No. Joe Montana showed up on gameday and played his best game. Because that’s what Joe Montana did.

But did the fact that he didn’t throw a 50-yard touchdown every single time he threw the ball, cause him to lose confidence? No.

If you’re playing *your best game* then you should have all the confidence in the world. But there’s no harm in trying to improve your game, over time, that’s a given. But to lose confidence every time you don’t score a touchdown? That should never enter the equation.

3. “Start with the end in mind.”

In order for economists to do their jobs properly, we need to have measurable goals and metrics to steer by.

Nobody enters a serious car or yacht race where there isn’t a definite start line and a definite finish line.

Economists are stuck in a race with no start line and no finish line. Why are we even racing?

We know who we’re racing, we know when we’re racing, but what goal are we trying to achieve? Would somebody tell me?

They can’t. There is no goal. Economics is a free-for-all-race against other economies with no end goal.

And yet, every economy (country) is in that race and each one started at a different position, are driving different kinds of vehicles, at different speeds, and taking different routes.

We need to stop that.

You can’t *win* a race when there’s no finish line (a goal) unless you kill all the other competitors. Then, you *win* by default. Not very sporting, old chap.

We tried that before. Mutually Assured Destruction (M.A.D.) — anyone remember that?

We arrived at M.A.D. in the 20th century because politics ruled the world and not always with good results. Thus far, the 21st century doesn’t look much better.

I could write a thesis on this — and volumes, or even tomes would still need to be written on the clear and verifiable path that took us from the (economic) competition between nation-states, to the (political) M.A.D. doctrine.

National Economic Goal-Setting

We need to start with the end in mind, a goal.

I posit that the finish line *the goal* (limited to the U.S.A. to keep this example simple) should be that every citizen should have a reasonable expectation to attain a net worth of 1 million dollars by age 25, near-perfect health with universal healthcare systems, and a tuition-free university education.

Further, regulators should require that a minimum of 25% of every American’s investment portfolio should be invested in U.S. corporations, or single entity businesses (artisans, for example) and another minimum 25% of their portfolio be invested in foreign companies that are located in countries that enjoy ‘Most Favored Nation’ trading status with the United States.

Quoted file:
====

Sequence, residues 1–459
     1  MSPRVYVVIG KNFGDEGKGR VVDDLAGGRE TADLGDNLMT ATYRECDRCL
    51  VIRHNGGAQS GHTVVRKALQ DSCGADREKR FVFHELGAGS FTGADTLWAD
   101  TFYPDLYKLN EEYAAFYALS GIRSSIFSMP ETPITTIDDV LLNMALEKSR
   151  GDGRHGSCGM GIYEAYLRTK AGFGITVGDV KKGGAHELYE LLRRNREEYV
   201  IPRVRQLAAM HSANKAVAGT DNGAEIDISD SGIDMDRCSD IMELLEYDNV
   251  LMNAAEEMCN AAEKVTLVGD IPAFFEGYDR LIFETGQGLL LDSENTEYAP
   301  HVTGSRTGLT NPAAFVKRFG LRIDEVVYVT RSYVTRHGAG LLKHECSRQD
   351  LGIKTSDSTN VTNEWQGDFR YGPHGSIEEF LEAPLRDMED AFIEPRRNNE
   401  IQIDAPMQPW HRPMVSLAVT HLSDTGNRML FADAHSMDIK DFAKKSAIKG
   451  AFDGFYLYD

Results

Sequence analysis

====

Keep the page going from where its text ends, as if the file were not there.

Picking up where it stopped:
And finally, for the United States to always earn a Top 5 ranking in such indices as the UN Happiness Index and the Social Progress Imperative if we expect every citizen to fully buy-into our national success.

Economists could ‘work to’ and ‘measure against’ and ‘devise new theories’ in order to meet those goals

Who but America could attain such a goal?

Germany, Japan, The UK, France, Canada, Australia, a few more Western nations maybe — with America leading the way.

Beginning with the end result in mind would give the economics profession unprecedented focus and allow it to become all that it can and should be, instead of it continuing on without clear and measurable goals to steer by — and because of that it is a profession laden with self-doubt and presently living under the thumb of politicians.

A Tipping Point for Economics

The economics profession is nearing a tipping point in the early 21st century.

It will either rise to unprecedented greatness by asserting its independence from politics by setting its own goals with the ‘end-user’ of economics in mind (which are citizens, not corporations) thereby becoming super-efficient, super-effective, and consequently, economists would become more confident — or the profession will forever remain the scapegoat of politicians.

In the 20th century we faced Mutually Assured Destruction due to the competition between political models.

If economics remains subservient to politicians the 21st century will devolve to M.A.D. of a different kind, this time it will be the Mutually Assured Destruction of the global economy due to the competition between political models.

Because in a no-goal model, the only way to *win* is to eliminate competitors

Economics by its very definition is amenable to and works better with metrics, and an end goal. In politics, there is no end goal.

If we are to survive as a species, eventually, the importance we place on economics must supercede (Canadian spelling) that of the importance we place on politics, because, as I said before, in a no-goal race the only way to win is to kill all the other competitors. Then you *win* by default.

Which is what we’ve been doing in slow-motion since 1914 and one could argue, since the time of Cain and Abel.

Our species must evolve past the ‘law of the jungle’ model to a point where it isn’t all about the politics of ‘country A’ vs. ‘country B’ — but where it’s all about how well citizens score their nation on the UN Happiness Index and Social Progress Imperative index

Only when we devote our industrial, academic, and social effort towards the well-being of the ‘end-user’ (citizens) with verifiable end-user metrics, will we stop working at cross-purposes. Then watch our species succeed!